Becoming Me


A quote from one of the hostels we stayed in on a trip we took during our semester break.

From the start, I promised myself I would do what I can to fully immerse myself in South African culture. My intention had led me to adopt many local ways. From the start I have noticed the unique style of UCT students and I have come to dress similarly. I find the style to be fairly relaxed with a little bit of edge and to me the unique flare of each person draws me closer. It’s not only an aesthetic characteristic; it’s a part of the whole expression it portrays. Many individuals here are extremely relaxed, down to earth, passionate yet humble and kind. Along with adopting some of these traits, I’ve made a slight effort to alter my style in order to express who I am becoming. For example, today I even wore an African style dress that had so many bright colors and interesting shapes on it. This was a loud piece but it still had a relaxed feel to it. On other days I may wear something more subdued and extremely casual and that is fine as well. Here in Cape Town, style is a big factor of expression and that’s one of the local things that I truly enjoy engaging with.

Although South Africa is so diverse, there is a particular localism that many consider to be unique to South Africa. A big part of it lies in the terms and language used by the younger generations. The common slang words are “lekker”(cool, good, awesome, etc…) “shame” “bruh” (which is their form of bro) “keen” and many more. Some of the slang words, for instance lekker and bruh, I rarely use unless I’m trying to make one of my South African friends’ laugh by embarrassing myself. On the other hand, I do enjoy using terms such as shame, keen and cheers. Shame is used when you want to say “that’s a shame” and keen is usually used to ask if someone wants to do something or to state that you would like to do something, “are you keen?” “I’d be keen to go to the movies later.” My favorite word to say is cheers though. Many South Africans would think I’m crazy for saying that but I adore saying cheers. It’s such a simple thing but it gives farewells and thank yous such a warm feeling. I especially love saying it with a South African accent, where the r is a bit softer than how Americans would say it, at times even barely recognizable. When I say cheers to someone and vice versa, it’s seems like such a friendly way to interact with strangers. This actually points to the way South Africans are, which is extremely friendly. It is easy here to spark up a conversation with a random stranger and to meet up with friends for lunch or even to be invited over to someone’s house for dinner. These local friendly customs are something I definitely want to keep engaging with when I return back to America. In a world filled with so much technology, ironically, we tend to become more disconnected. South Africa has taught me to become more connected and present with the people that I am meeting and interacting with.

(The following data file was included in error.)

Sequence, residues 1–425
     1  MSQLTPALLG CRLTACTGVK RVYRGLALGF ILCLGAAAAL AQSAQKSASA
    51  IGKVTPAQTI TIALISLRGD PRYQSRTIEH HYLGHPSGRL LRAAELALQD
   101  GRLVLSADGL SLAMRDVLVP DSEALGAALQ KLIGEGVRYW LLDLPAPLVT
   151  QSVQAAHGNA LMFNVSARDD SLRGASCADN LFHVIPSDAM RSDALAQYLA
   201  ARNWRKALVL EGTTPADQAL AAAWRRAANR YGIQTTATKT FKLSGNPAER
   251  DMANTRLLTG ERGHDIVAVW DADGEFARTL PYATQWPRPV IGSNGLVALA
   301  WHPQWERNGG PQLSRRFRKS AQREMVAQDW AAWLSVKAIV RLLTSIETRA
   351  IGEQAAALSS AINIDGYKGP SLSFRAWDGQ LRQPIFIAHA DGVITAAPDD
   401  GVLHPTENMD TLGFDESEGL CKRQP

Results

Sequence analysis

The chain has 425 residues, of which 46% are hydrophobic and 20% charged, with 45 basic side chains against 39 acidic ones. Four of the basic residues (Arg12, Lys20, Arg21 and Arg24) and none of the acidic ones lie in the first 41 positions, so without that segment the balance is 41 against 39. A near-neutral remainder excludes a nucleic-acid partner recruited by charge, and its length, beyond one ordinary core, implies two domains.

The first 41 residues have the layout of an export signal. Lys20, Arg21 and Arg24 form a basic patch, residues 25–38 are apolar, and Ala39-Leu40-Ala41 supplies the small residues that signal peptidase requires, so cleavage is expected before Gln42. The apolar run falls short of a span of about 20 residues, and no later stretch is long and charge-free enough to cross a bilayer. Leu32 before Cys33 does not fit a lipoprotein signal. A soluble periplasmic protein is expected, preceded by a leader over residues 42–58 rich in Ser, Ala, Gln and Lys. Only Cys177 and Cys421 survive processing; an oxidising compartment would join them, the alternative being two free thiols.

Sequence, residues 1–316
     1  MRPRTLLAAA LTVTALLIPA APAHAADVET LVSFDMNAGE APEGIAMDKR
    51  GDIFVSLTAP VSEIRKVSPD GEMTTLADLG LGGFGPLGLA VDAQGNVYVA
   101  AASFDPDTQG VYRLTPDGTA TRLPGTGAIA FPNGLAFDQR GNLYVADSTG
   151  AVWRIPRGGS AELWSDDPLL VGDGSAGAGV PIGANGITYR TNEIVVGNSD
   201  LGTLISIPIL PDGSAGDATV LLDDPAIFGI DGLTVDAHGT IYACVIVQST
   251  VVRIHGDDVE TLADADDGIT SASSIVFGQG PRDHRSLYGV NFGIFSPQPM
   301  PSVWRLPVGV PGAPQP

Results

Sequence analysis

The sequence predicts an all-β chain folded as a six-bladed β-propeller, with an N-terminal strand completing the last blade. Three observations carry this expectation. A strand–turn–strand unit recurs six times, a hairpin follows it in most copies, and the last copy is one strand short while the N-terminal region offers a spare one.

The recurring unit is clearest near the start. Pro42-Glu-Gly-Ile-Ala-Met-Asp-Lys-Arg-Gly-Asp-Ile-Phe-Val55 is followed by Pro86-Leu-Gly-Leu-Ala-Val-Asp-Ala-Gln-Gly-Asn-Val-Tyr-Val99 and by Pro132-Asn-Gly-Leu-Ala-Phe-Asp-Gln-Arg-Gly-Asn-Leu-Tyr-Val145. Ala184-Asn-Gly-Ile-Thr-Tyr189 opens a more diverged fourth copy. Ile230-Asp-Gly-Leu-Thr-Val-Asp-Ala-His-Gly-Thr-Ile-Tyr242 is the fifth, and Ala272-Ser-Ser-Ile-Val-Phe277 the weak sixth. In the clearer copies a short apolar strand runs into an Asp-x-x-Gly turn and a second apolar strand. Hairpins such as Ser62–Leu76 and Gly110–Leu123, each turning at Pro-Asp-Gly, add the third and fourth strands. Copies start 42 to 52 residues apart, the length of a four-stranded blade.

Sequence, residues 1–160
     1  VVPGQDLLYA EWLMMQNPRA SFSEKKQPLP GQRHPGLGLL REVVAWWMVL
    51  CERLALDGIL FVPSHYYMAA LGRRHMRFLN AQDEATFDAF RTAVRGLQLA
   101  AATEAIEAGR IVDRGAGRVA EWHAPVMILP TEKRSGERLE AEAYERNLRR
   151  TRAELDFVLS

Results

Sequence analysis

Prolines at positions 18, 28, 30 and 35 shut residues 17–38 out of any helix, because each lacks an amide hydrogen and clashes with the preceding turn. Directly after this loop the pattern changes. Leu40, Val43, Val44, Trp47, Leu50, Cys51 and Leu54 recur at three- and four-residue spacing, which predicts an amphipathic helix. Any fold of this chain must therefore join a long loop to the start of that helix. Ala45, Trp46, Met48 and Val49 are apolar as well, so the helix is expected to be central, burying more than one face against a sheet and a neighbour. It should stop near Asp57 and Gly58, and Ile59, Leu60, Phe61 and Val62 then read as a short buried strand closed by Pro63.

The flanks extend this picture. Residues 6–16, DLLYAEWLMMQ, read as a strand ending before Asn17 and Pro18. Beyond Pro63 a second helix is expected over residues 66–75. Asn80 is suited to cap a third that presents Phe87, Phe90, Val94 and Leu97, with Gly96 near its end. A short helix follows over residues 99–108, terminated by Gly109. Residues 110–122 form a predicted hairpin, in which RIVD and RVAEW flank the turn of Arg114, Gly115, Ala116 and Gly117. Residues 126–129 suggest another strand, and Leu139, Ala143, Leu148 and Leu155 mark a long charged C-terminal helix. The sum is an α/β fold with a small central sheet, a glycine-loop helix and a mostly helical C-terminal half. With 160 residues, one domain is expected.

I have also noticed that there is a difference in the way I speak and write now. Just the simple structure in sentences has changed. I include words like surely and certainly before statements although grammatically they don’t add or subtract anything to the meaning. So for example I might say, “That’s surely alright.” Although this may not sound like it’s a South African local thing, I have noticed many of my South African friends, classmates, and professors grammatically speaking this way. I enjoy the way it sounds so I have begun doing it too.

Other than just a shift in language, I have also accustomed myself to African time. I think I already began getting into that before leaving for South Africa. Being here though, has just allowed me to treat it as something that’s normal. Another aspect that is unique to South Africa is societal views and political discussions. A lot of topics that are brought up in conversation are based around politics and controversial issues, especially issues of racism and discrimination. The events that have unfolded here, even over this particular semester (the removal of Cecil Rhodes statue and Xenophobia) are so unique that they prompt discussions that are extremely passionate. Being right in the midst of such monumental moments has made me learn much more than I ever could from a book or the news. I have engaged in discussions with people from all backgrounds about their take on certain issues of racism, discrimination and social protests. This has allowed my mind to grow and my knowledge to expand. When I go back to Salve, I can see myself engaging more and more in theses controversial discussions now because I understand the significance from the local level after speaking with locals here.

All in all, I bet there are so many other local ways, beliefs, and customs that I have soaked up and inherited but I may not notice them at this point in time. That may change once I go back to America and everyone around me starts pointing out the differences in me. All that being said though, I would not change any of it for anything. It may seem like I am becoming more like a South African, but the truth is, I think I am just becoming me. I am finding my place here and this place is finding me. I love South Africa even more now that I am completely immersed. South Africa will always be a part of me now and I will always be a part of it. There is no changing it and I am certainly and surely okay with that! (:

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